Diagnosis and management of priapism in sickle cell disease
- Joshua J Field, MD
Joshua J Field, MD
- Associate Professor of Medicine
- Medical College of Wisconsin
- Vijaya M Vemulakonda, MD, JD
Vijaya M Vemulakonda, MD, JD
- Assistant Professor, Pediatric Urology
- University of Colorado Denver School of Medicine
- Michael R DeBaun, MD, MPH
Michael R DeBaun, MD, MPH
- Professor of Pediatrics and Internal Medicine
- Vanderbilt University School of Medicine
- Section Editors
- Stanley L Schrier, MD
Stanley L Schrier, MD
- Editor-in-Chief — Hematology
- Section Editor — Myeloproliferative Disorders; Red Blood Cell Disorders
- Professor of Medicine
- Stanford University School of Medicine
- Donald H Mahoney, Jr, MD
Donald H Mahoney, Jr, MD
- Section Editor — Pediatric Hematology
- Professor of Pediatrics
- Baylor College of Medicine
Priapism is a sustained penile erection in the absence of sexual activity or desire. The definition of "sustained" in this setting is unclear, but priapism is generally defined as an unwanted erection lasting more than two to four hours.
Prompt recognition and appropriate treatment of a priapism episode in males with sickle cell disease (SCD) is critical, as the end result of prolonged and/or repeated episodes of priapism can be ischemia and fibrosis in the corpus cavernosa of the penis, potentially leading to impaired sexual function and impotence.
Few evidence-based guidelines exist for the management of these episodes. Thus, in the absence of randomized clinical trials and large, detailed prospective studies, clinicians must rely largely on case reports, small case series, and clinical experience. A practical approach to the diagnosis and management of priapism in patients with SCD will be presented here . A general overview of the subject of priapism is presented separately. (See "Priapism".)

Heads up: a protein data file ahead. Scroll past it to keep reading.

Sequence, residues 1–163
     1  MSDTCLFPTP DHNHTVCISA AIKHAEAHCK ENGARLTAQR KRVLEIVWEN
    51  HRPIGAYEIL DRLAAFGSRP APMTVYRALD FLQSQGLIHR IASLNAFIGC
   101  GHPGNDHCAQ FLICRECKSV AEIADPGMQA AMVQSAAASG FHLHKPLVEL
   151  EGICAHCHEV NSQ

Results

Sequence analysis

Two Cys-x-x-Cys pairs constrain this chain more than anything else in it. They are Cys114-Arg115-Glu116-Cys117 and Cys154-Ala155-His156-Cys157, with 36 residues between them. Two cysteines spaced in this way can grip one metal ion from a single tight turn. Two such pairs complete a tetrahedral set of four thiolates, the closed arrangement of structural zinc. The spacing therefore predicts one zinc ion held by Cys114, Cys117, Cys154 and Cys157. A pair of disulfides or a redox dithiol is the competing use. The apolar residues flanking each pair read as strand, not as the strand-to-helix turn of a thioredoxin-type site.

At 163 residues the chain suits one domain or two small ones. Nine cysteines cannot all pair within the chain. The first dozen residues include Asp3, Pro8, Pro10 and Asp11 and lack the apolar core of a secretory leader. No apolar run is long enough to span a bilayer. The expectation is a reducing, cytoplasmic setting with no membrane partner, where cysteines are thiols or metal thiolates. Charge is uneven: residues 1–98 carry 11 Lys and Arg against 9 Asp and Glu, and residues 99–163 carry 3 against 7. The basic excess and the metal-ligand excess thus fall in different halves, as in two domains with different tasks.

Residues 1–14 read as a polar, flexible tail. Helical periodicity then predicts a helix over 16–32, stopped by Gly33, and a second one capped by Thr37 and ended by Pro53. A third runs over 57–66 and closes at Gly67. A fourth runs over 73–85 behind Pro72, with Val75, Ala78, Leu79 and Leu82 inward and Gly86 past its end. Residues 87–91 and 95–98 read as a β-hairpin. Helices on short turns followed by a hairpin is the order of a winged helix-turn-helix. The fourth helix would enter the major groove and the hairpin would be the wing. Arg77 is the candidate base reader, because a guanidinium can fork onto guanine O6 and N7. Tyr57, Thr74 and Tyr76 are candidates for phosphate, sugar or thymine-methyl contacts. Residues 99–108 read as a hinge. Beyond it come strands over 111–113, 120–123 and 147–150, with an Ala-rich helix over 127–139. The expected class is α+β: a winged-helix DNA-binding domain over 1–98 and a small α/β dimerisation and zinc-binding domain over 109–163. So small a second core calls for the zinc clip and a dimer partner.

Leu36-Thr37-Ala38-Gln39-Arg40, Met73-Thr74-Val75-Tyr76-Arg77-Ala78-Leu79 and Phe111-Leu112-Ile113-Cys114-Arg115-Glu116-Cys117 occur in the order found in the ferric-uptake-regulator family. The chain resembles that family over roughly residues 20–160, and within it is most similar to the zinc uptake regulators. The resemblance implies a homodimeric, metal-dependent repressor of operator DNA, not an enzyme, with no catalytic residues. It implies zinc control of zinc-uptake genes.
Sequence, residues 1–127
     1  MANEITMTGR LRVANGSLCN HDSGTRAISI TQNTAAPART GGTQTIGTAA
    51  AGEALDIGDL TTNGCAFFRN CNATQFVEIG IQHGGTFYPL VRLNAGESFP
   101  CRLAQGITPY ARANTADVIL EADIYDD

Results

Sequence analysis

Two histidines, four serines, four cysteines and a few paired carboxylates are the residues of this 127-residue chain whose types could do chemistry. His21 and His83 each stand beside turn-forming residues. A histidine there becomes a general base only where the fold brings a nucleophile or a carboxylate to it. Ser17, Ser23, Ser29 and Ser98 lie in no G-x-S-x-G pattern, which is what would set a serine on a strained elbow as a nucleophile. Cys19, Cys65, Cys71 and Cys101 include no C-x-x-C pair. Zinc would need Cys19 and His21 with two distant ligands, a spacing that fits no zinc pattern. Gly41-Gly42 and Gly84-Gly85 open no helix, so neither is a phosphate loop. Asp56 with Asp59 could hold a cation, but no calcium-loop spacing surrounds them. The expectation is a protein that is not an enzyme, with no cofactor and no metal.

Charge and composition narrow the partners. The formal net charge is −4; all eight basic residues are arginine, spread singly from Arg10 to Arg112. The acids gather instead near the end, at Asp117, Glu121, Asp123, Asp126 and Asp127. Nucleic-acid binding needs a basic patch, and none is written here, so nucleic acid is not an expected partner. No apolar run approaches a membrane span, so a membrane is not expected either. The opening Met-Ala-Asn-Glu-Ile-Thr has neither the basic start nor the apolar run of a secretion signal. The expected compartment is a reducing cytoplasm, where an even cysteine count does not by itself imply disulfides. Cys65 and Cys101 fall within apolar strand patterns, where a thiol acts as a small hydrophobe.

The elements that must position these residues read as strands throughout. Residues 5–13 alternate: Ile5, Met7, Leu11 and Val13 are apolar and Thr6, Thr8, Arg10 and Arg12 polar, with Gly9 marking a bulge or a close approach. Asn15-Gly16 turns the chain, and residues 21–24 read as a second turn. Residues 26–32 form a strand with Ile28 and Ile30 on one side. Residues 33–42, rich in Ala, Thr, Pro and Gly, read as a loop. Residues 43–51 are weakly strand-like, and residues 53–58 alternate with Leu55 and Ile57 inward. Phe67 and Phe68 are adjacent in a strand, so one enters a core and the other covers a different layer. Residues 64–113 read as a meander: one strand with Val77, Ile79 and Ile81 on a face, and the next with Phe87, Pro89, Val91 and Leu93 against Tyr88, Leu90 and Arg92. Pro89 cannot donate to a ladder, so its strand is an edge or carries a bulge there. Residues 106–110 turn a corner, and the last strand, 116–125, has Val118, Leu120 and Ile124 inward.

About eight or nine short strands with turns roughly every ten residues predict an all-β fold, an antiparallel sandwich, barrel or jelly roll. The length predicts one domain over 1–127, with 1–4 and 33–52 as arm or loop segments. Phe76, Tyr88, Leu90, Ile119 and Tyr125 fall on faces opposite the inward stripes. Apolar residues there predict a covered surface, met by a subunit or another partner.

Overall management of the patient with SCD is discussed separately. (See "Overview of the management and prognosis of sickle cell disease".)
Physiology of erection — Penile erection occurs when there is increased blood volume in the paired lateral corpora cavernosa and single corpus spongiosum, and is normally maintained by the partial obstruction of venous drainage (figure 1). (See "Overview of male sexual dysfunction", section on 'Physiology of male sexual function'.)To continue reading this article, you must log in with your personal, hospital, or group practice subscription. For more information on subscription options, click below on the option that best describes you:
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- Physiology of erection
- Pathophysiology of priapism
- - High flow (arterial) priapism
- - Low flow (ischemic) priapism
- - Nitric oxide pathway
- - Adenosine pathway (adenosine 2b receptor)
- - Genetic influences
- - Risk factors
- CLINICAL PRESENTATION
- Physical examination
- Natural history
- - Erectile dysfunction
- High flow priapism
- Low flow priapism
- TREATMENT OF ISCHEMIC PRIAPISM
- Acute priapism
- - Aspiration and irrigation of the corpus cavernosum
- Technique for aspiration and irrigation
- - Surgical management
- - Transfusion therapy
- Stuttering priapism
- SECONDARY PREVENTION
- Alpha and beta agonists
- Regular blood transfusion
- Therapies of questionable value
- - Hormonal therapy
- - Anti-androgens
- - PDE-5 inhibitors
- INFORMATION FOR PATIENTS
- SUMMARY AND RECOMMENDATIONS